The same legal arguments being made by the GOP’s voter suppression team and its “dark money” allies (e.g., APS and “Kochtopus” tentacles) against the Invest in Education Act initiative and the Clean Energy for a Healthy Arizona initiative were made against the Outlaw Dirty Money initiative on Monday.
Maricopa County Superior Court Judge James Smith last week, reviewing the Invest in Education Act initiative, ruled that state legislators acted illegally in enacting a requirement in 2017 that all efforts by voters to enact their own laws must be in “strict compliance” with each and every election statute.
The conflicting rulings mean the Arizona Supreme Court will have to determine who is right — and soon as what the justices rule ultimately could determine what will be on the November ballot. Initiatives may not be decided at the ballot box but by seven justices of the Arizona Supreme Court.
Another issue the Arizona Supreme Court will have to decide is the constitutionality of the 2014 law that requires judges to toss signatures from circulators who don’t show up in court. Failure to show up in court in response to the subpoena means a judge must invalidate all the signatures collected by that individual – even if valid.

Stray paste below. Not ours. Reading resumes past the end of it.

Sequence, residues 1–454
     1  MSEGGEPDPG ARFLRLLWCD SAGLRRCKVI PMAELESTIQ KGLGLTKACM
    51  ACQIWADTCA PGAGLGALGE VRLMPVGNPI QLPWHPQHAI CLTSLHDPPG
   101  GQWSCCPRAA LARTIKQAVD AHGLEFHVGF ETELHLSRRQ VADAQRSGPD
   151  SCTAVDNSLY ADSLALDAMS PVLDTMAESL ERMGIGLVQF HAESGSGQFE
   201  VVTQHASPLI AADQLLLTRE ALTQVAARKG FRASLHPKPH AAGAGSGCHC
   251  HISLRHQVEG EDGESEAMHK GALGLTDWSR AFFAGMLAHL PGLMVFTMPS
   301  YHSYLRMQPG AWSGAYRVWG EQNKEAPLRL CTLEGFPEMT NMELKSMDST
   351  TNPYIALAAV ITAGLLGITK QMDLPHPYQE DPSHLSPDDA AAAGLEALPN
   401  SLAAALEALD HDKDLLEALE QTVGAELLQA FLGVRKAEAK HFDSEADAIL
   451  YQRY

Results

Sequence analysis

This 2014 voter suppression law is more directly at issue in yesterday’s review of the Outlaw Dirty Money initiative. The Arizona Capitol Times reports, ‘Dark money,’ renewable energy ballot measures in court:
GOP attorney Kory Langhofer who represents groups that now do not disclose the source of their funds contends that the Outlaw Dirty Money committee does not have sufficient valid signatures to put the issue on the November ballot. At a hearing Monday, Langhofer told Maricopa County Superior Court Judge Teresa Sanders there are flaws with many of the signatures.
But much of Langhofer’s case rests on the fact that he issued more than a dozen subpoenas to people who circulated petitions, people who he contends were not legally qualified. These include people who Langhofer contends have felony convictions or did not provide a proper address.
None of those subpoenaed showed up in court on Monday.